New synthetic biology technique boosts microbial production of diesel fuel

Mar 26, 2012 by Lynn Yarris
The JBEI dynamic sensor-regulator system responds to metabolic changes in microbes during the synthesis of fatty acid-based chemicals by sensing key metabolites in an engineered pathway then regulating genes to optimize the pathway for maximum production of a desired chemical or fuel. Image by Zosia Rostomian, Berkeley Lab

(PhysOrg.com) -- Significant boosts in the microbial production of clean, green and renewable biodiesel fuel has been achieved with the development of a new technique in synthetic biology by researchers with the U.S. Department of Energy (DOE)'s Joint BioEnergy Institute (JBEI). This new technique – dubbed a dynamic sensor-regulator system (DSRS) – can detect metabolic changes in microbes during the production of fatty acid-based fuels or chemicals and control the expression of genes affecting that production. The result in one demonstration was a threefold increase in the microbial production of biodiesel from glucose.

"The DSRS is an amazing and powerful new tool, the first example of a synthetic system that can dynamically regulate a metabolic pathway for improving production of fatty acid-based fuels and chemicals while the microbes are in the bioreactor," says Jay Keasling, CEO of JBEI and one of the world's foremost practitioners of synthetic biology, who led this research.

Keasling, who also serves as the Associate Laboratory Director for Biosciences at Lawrence Berkeley National Laboratory (Berkeley Lab) is the corresponding author of a paper describing this research in Nature Biology. The paper is titled "Design of a dynamic sensor-regulator system for production of FAbased chemicals and fuels." Co-authors are Fuzhong Zhang and James Carothers of JBEI's Fuels Synthesis Division, which is directed by Keasling.

The need for new transportation fuels that are renewable and can be produced in a sustainable fashion has never been more urgent. Scientific studies have consistently shown that liquid fuels derived from plant biomass are one of the best alternatives if a cost-effective means of commercial production can be found. Major research efforts to this end are focused on fatty acids – the energy-rich molecules in plant cells that have been dubbed nature's petroleum. Fatty acids now serve as the raw materials not only for biodiesel fuel, but also for a wide range of important chemical products including surfactants, solvents and lubricants.

"Microbial production of fuels and chemicals from fatty acids is a greener and sustainable alternative to chemical synthesis," says Zhang, who is the lead author of the Nature Biology paper. "However, high productivities, titers and yields are essential for microbial production of these chemical products to be economically viable, particularly in the cases of biofuels and low-value bulk chemicals."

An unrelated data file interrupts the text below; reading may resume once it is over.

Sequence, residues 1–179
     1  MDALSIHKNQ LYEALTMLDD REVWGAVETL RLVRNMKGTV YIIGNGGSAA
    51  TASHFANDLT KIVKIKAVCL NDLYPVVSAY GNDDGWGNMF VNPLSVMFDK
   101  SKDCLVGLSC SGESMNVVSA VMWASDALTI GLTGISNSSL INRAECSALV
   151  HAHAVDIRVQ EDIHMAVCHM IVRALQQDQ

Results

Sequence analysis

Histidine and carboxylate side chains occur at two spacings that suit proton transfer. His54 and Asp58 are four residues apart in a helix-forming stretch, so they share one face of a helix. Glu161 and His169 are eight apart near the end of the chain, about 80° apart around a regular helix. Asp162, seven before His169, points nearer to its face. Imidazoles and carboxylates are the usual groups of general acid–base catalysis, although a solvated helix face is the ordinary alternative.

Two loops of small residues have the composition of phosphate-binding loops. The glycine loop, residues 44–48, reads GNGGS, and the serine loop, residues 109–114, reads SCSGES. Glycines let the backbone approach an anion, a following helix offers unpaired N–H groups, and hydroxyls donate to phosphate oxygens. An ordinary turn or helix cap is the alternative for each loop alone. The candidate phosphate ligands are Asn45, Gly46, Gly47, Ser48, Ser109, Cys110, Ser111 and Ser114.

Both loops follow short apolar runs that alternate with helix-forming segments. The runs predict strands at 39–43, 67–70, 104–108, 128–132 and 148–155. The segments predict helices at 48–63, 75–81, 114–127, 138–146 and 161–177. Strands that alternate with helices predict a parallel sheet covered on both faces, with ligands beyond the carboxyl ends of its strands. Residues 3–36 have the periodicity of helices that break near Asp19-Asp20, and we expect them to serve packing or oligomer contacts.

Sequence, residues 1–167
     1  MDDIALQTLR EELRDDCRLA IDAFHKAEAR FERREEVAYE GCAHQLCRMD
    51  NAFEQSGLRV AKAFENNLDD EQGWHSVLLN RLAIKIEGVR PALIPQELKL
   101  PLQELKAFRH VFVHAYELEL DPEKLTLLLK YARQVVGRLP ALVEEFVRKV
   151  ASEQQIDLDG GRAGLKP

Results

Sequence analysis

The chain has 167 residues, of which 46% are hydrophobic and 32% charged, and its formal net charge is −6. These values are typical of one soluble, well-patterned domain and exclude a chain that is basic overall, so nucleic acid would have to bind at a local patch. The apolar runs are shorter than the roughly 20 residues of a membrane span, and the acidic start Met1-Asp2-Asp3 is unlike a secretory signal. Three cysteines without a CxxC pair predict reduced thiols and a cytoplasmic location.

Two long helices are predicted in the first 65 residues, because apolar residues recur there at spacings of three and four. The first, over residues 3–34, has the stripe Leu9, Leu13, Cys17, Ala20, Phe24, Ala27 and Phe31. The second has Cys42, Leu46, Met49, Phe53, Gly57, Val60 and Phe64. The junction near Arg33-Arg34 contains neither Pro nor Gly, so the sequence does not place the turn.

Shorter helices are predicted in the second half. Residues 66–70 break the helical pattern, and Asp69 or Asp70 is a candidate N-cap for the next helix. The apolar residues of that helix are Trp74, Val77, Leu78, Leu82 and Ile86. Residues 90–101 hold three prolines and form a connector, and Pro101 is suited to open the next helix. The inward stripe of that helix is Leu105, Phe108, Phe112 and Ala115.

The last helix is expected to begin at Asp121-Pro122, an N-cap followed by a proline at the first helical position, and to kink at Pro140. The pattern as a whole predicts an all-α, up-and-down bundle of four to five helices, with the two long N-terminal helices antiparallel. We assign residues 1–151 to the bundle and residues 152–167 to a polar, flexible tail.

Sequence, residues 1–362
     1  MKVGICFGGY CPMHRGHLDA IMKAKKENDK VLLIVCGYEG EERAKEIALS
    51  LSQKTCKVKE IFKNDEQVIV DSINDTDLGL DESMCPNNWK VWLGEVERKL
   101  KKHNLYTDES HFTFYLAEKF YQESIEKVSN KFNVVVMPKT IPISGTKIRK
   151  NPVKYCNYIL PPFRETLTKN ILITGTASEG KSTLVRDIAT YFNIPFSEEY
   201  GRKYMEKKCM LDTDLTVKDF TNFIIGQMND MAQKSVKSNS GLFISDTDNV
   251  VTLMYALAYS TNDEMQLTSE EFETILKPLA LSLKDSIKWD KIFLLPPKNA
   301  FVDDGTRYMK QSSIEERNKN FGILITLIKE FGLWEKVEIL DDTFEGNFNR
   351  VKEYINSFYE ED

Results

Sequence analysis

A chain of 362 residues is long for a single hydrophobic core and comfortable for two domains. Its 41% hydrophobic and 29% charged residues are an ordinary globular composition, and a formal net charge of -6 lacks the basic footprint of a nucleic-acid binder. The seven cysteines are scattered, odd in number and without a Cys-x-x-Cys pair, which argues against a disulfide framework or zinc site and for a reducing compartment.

Hampering microbial production of fatty acid-based chemicals has been metabolic imbalances during product synthesis.

"Expression of pathway genes at too low a level creates bottlenecks in biosynthetic pathways, whereas expression at too high a level diverts cellular resources to the production of unnecessary enzymes or intermediate metabolites that might otherwise be devoted to the desired chemical," Zhang says. "Furthermore, the accumulation of these enzymes and intermediate metabolites can have a toxic effect on the microbes, reducing yield and productivity."

Using the tools of synthetic biology, there have been several strategies developed to meet this challenge but these previous strategies only provide static control of gene expression levels.

"When a gene expression control system is tuned for a particular condition in the bioreactor and the conditions change, the control system will not be able to respond and product synthesis will suffer as a result," Zhang says.

The DSRS responds to the metabolic status of the microbe in the bioreactor during synthesis by sensing key intermediate metabolites in an engineered pathway. The DSRS then regulates the genes that control the production and consumption of these intermediates to allow their delivery at levels and rates that optimize the pathway for maximum productivity as conditions change in the bioreactor.

"Nature has evolved sensors that can be used to sense the biosynthetic intermediate, but naturally-occurring regulators will rarely suffice to regulate an engineered pathway because these regulators were evolved to support host survival, rather than making chemicals in large quantity," Zhang says.

To create their DSRS, Zhang, Keasling and Carothers focused on a strain of Escherichia coli (E. coli) bacteria engineered at JBEI to produce directly from glucose. E. coli is a well-studied microorganism whose natural ability to synthesize fatty acids and exceptional amenability to genetic manipulation make it an ideal target for biofuels research. In this latest work, the JBEI researchers first developed biosensors for a key intermediate metabolite - fatty acyl-CoA – in the diesel biosynthetic pathway. They then developed a set of promoters (segments of DNA) that boost the expression of specific genes in response to cellular acyl-CoA levels. These synthetic promoters only become fully activated when both and the inducer reagent known as "IPTG" are present.

"For a tightly regulated metabolic pathway to maximize product yields, it is essential that leaky gene expressions from promoters be eliminated," Zhang says. "Since our hybrid promoters are repressed until induced by IPTG, and the induction levels can be tuned automatically by the FA/acyl-CoA level, they can be readily used to regulate production of biodiesel and other fatty acid-based chemicals."